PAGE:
By: Sharon Franklin, Chief of Operations
In a recent article in the Chesapeake Quarterly “Diversity Grows in Aquaculture”,
https://storymaps.arcgis.com/stories/90f423a556ac4a0fa435e43531cb5f3e Imani Black describes how and why she entered the Aquaculture business. One reason was that she rarely saw anyone who looked like her in the Aquaculture business. She was the only Black person and one of only a few women working on oyster farms in Maryland and Virginia. She grew up on the Eastern Shore in a family with strong maritime roots, however, she began to feel alone in an industry that she had hoped would be a part of her future. This led her to begin to ask her colleagues, when was the last time you saw a minority in a leadership role in Aquaculture? She said “They were shocked that I was asking that and “I don’t think people really thought about it until I asked, and after asking they couldn’t give her an answer. So, six months later Ms. Black answered her own question and founded Minorities in Aquaculture (MIA), a nonprofit dedicated to encouraging more women and people of color to enter the field. The goal and mission of MIA is to create a membership group that fosters networking, connects young graduates with mentors, and talks frankly about overcoming challenges in oyster farming and to encourage more women and people of color to enter a field that has not been diverse in the Chesapeake Bay area.
The group has more than 50 members, and has connected with other women of color at the Chesapeake Bay Foundation (CBF), the Chesapeake Conservancy, and National Oceanic and Atmospheric Administration (NOAA). This endeavor has allowed her to promote both her love of all sciences and her particular passion for Aquaculture, which she honed as a summer intern working on oyster farms as a biology major at Old Dominion University (ODU).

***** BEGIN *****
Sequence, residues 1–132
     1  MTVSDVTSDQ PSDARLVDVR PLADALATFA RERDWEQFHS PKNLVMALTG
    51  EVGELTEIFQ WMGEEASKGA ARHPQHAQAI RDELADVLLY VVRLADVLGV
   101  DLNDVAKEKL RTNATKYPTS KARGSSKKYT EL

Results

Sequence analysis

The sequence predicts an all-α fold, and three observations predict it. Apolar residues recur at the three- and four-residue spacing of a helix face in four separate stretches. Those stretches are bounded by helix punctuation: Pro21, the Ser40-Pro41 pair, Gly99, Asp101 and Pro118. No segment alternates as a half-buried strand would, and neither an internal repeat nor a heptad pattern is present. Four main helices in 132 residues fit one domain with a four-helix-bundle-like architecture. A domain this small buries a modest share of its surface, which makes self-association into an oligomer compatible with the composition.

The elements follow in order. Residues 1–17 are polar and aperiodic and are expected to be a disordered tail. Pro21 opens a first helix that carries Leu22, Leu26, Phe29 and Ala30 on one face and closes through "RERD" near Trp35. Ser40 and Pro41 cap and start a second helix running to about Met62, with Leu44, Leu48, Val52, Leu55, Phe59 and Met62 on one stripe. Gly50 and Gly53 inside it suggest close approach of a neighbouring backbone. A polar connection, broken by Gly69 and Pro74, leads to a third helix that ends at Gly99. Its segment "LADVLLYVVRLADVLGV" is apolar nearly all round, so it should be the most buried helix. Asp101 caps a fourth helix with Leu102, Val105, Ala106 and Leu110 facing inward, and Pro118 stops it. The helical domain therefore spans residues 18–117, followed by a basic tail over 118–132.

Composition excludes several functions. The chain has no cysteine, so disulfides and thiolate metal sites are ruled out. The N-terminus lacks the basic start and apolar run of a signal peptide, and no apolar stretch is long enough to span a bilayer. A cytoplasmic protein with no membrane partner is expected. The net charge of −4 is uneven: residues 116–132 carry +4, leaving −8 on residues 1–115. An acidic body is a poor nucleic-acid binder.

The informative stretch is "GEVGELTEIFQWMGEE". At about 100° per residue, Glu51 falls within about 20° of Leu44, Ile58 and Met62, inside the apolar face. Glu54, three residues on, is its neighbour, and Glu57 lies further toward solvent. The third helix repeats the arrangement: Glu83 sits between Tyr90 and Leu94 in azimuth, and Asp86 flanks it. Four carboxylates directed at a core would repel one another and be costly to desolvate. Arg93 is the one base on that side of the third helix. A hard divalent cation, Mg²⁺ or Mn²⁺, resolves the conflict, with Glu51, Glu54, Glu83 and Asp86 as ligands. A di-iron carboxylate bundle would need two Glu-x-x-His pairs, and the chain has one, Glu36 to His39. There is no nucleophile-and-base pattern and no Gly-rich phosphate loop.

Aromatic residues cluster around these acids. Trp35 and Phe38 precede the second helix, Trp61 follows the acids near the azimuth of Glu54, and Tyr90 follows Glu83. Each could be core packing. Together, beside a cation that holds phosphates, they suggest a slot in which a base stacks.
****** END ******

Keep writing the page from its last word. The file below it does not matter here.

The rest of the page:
Ms. Black explains that building connections, expanding access was one of the goals for her nonprofit. Her intent was to partner with larger organizations, such as the Chesapeake Bay Foundation (CBF) and the Choose Clean Water Coalition, and thus expand opportunities for minorities in this field. Ms. Black went on to say that “starting a nonprofit advocacy organization was “not part of my five-year plan.” But, “It’s really important for me that this is an extension of my own career aspirations, and I am bringing people along on my own journey “For me, what I love is being on the boat, being on the farm, being in the hatchery, and doing the hard work”.
Other individuals highlighted in this article include:
Scott Budden, of Korean descent one of the three owners of Orchard Point Oyster Company in Queen Anne’s County. He believes he is the only leaseholder who is not white working in the state presently.
As a woman, Shannon Hood, an agent with Maryland Sea Grant Extension runs a demonstration oyster farm in Horn Point, Maryland. When Ms. Hood first decided she wanted to enter the Aquaculture profession, she’d call oyster farmers and ask if she could get experience on their farm; they’d often respond offering her work in their nurseries or supporting their marketing efforts. She went on to say “It was tough because I was automatically relegated to do the light duty work,” then she obtained an internship with the True Chesapeake Oyster Company in Southern Maryland and the Madhouse Oyster Company on the Eastern Shore.
Ms. Imani Black said “In my own experience of being a minority, I’ve been heavily discouraged many times,” but, “I felt like it was my responsibility to create a safe space, because it was something [that] I still needed.” Now, she is hoping that like her, Shannon Hood, Scott Budden and others, they will help the Aquaculture industry grow bigger, and also make it more diverse.